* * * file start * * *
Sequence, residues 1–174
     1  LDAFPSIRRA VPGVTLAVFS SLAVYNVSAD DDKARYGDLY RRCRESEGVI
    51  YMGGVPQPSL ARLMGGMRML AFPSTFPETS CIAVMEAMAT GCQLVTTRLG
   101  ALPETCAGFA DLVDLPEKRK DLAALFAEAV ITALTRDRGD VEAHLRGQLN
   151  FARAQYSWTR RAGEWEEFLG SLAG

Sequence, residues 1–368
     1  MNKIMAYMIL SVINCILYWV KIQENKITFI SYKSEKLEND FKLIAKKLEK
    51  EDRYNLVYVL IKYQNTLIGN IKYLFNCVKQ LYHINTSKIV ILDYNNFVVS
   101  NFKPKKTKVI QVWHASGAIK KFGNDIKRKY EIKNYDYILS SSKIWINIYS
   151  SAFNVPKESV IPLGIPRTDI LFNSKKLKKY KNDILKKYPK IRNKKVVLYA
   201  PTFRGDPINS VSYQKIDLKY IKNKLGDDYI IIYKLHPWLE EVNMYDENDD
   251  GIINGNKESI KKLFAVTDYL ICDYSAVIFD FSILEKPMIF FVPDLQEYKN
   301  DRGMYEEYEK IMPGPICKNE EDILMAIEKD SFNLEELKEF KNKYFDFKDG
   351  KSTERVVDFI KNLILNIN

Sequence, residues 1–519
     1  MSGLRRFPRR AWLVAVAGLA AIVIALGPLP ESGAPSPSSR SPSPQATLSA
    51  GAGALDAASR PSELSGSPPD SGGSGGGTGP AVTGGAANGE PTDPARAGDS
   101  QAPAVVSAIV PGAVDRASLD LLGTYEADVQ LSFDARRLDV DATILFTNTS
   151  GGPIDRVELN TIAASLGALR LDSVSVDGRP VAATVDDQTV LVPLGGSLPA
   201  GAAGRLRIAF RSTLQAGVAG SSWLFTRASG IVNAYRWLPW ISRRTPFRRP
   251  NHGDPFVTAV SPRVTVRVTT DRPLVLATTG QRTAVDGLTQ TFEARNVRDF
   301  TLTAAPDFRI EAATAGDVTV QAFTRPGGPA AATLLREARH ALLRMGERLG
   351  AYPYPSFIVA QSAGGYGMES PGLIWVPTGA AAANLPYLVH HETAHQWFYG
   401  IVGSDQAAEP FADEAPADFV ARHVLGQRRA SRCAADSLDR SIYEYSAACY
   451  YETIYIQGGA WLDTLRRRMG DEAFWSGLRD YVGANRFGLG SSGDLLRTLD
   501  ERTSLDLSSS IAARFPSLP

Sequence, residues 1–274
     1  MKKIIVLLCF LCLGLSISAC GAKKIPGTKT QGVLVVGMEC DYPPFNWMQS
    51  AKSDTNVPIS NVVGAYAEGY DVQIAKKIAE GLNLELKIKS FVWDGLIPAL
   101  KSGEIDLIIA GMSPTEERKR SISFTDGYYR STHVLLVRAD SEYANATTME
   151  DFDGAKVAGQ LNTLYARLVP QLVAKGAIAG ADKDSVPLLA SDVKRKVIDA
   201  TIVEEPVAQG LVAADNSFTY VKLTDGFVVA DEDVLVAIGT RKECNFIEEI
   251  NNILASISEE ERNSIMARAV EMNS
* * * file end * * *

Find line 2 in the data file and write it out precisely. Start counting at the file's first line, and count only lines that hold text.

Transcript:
     1  LDAFPSIRRA VPGVTLAVFS SLAVYNVSAD DDKARYGDLY RRCRESEGVI